Afghan gov’t: Soldier shot Americans amid argument

KABUL, Afghanistan — An Afghan soldier opened fire on U.S. civilian trainers at an army base in northern Afghanistan, killing two Americans before being shot dead, the Defense Ministry said Wednesday.

It was the second fatal shooting of NATO soldiers by a member of the Afghan security force this month.

An argument started during a weapons-training exercise and the Afghan soldier turned his gun on the Americans on Tuesday, the ministry said in a statement. Another Afghan soldier was killed in the resulting crossfire, and the shooter was later gunned down.

NATO previously said two Americans and two Afghan soldiers were killed by gunfire at a firing range outside Mazar-e-Sharif, but it did not provide details on how the incident occurred.

The shooter was a “group leader” — an Afghan soldier selected to train other soldiers on the base, Defense Ministry spokesman Gen. Mohammad Zahir Azimi said. U.S. Brig. Gen. Gary Patton, deputy commander of the training mission, said the shooter was a sergeant.

NATO suspended training throughout the country after the shooting but resumed full operations Wednesday, Patton said.

Intentional shootings by Afghans against coalition partners have occurred previously. Earlier this month, an Afghan soldier killed three British service members with gunfire and a rocket-propelled grenade in the dead of night.

The soldier fled after that attack, leaving his motive unclear. But the Taliban claimed he was a militant sympathizer taken in by insurgents after the assault.

With the help of the Taliban, a man claiming to be the fugitive Afghan soldier has conducted telephone interviews with several Western news organizations. He told The Associated Press that he turned on coalition soldiers because they killed “innocent people” and used search dogs too close to Afghan women, an indignity.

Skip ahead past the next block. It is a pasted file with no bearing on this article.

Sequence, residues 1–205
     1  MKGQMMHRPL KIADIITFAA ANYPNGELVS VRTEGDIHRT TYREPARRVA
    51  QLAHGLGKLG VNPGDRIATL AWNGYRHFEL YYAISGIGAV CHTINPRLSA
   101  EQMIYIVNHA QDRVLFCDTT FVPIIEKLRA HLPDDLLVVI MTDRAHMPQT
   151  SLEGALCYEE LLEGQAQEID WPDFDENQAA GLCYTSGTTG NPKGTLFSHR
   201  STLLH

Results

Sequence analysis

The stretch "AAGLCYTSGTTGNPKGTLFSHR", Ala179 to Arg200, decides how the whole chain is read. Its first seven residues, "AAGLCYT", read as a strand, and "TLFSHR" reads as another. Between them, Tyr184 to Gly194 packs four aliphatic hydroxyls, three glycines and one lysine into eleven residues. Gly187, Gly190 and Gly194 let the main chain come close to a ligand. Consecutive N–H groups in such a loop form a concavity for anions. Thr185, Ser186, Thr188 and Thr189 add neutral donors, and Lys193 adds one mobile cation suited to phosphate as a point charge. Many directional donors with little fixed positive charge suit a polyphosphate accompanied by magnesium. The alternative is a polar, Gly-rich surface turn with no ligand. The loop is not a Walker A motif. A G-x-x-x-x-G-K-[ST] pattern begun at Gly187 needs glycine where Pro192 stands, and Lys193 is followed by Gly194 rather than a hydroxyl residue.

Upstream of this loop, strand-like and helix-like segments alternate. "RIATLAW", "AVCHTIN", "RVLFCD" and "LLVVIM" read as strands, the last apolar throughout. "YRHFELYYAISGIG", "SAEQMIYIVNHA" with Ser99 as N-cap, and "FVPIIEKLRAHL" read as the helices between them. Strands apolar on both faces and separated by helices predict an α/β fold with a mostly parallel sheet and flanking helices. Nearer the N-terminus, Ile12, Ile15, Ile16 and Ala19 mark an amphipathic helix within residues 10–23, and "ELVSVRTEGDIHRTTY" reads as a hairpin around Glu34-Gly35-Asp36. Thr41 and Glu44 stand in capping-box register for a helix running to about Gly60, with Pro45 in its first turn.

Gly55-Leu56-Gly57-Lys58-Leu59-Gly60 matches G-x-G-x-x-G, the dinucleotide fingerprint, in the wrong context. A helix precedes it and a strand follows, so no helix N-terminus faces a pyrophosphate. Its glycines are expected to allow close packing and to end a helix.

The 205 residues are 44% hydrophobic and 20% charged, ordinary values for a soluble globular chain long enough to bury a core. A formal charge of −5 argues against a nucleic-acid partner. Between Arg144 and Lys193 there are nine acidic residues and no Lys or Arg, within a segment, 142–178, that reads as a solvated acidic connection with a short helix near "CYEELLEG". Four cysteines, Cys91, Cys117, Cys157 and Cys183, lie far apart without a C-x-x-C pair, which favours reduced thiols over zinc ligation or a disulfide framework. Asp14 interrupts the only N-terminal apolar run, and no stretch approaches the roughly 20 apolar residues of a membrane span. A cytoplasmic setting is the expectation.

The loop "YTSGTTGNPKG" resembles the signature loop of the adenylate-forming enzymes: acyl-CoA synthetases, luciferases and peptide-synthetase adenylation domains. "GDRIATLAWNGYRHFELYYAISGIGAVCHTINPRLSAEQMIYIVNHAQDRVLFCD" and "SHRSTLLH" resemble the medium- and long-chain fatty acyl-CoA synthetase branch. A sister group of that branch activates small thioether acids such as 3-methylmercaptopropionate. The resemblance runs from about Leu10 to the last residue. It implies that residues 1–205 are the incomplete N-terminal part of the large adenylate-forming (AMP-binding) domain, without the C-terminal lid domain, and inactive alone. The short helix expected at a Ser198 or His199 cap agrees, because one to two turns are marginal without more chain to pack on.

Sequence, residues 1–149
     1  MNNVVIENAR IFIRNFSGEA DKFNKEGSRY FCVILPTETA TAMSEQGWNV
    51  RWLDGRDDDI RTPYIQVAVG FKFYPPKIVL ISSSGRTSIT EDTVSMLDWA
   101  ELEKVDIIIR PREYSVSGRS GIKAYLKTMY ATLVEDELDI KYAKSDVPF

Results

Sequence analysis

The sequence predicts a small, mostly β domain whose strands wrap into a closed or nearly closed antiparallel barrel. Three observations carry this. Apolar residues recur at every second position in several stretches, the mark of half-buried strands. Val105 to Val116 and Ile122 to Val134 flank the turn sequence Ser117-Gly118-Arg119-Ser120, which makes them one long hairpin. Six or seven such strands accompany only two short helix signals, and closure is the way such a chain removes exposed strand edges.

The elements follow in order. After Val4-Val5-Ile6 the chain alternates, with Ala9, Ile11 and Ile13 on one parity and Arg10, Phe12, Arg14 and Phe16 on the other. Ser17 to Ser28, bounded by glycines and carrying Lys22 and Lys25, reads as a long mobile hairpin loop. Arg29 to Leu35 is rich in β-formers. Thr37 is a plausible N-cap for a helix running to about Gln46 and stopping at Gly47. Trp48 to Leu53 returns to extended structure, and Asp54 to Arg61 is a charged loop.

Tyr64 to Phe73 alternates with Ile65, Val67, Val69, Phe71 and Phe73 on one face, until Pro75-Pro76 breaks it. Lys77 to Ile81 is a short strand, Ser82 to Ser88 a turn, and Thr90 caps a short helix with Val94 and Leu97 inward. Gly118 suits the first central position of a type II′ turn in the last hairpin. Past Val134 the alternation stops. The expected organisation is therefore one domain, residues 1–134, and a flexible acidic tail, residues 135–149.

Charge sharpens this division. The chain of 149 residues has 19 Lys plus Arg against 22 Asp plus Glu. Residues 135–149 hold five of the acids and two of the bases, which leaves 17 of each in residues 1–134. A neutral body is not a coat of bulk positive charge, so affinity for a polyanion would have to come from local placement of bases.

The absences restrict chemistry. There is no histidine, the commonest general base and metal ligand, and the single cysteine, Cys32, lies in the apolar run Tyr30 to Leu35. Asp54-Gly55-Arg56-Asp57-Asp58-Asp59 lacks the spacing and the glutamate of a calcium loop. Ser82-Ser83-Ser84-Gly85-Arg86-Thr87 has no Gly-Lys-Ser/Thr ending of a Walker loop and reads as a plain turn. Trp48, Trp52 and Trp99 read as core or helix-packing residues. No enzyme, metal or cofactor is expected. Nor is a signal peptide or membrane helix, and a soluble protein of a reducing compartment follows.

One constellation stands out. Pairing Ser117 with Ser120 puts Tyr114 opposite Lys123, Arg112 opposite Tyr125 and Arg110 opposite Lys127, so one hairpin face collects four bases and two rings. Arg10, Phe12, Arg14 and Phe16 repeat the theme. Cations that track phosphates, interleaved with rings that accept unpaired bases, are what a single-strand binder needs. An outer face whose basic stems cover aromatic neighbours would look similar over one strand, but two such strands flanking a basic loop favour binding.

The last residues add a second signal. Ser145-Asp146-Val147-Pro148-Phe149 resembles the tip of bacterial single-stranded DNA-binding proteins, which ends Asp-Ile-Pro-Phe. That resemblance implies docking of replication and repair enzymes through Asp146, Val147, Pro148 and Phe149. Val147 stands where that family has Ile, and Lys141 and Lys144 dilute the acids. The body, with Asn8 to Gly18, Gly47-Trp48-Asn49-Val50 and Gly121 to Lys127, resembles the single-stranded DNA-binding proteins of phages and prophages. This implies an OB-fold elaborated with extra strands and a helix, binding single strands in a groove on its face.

A NATO official, speaking on condition of anonymity because he was not authorized to discuss the incident publicly, said at least some of the information provided by the man was inconsistent with what is known about the attack.

In November, an Afghan policeman killed five British soldiers at a checkpoint in Helmand. The gunman escaped.

The attacks come as the international coalition ramps up training of Afghan soldiers and police so they can take responsibility for securing the nation. U.S. civilian contractors — many of them retired police or soldiers — often work on Afghan army bases as trainers.

The allies set an interim goal of expanding the Afghan army from 85,000 in 2009 to 134,000 troops by October 2011. The speed with which Afghan security forces are growing has raised concerns about infiltration by the Taliban and the professionalism of the forces.

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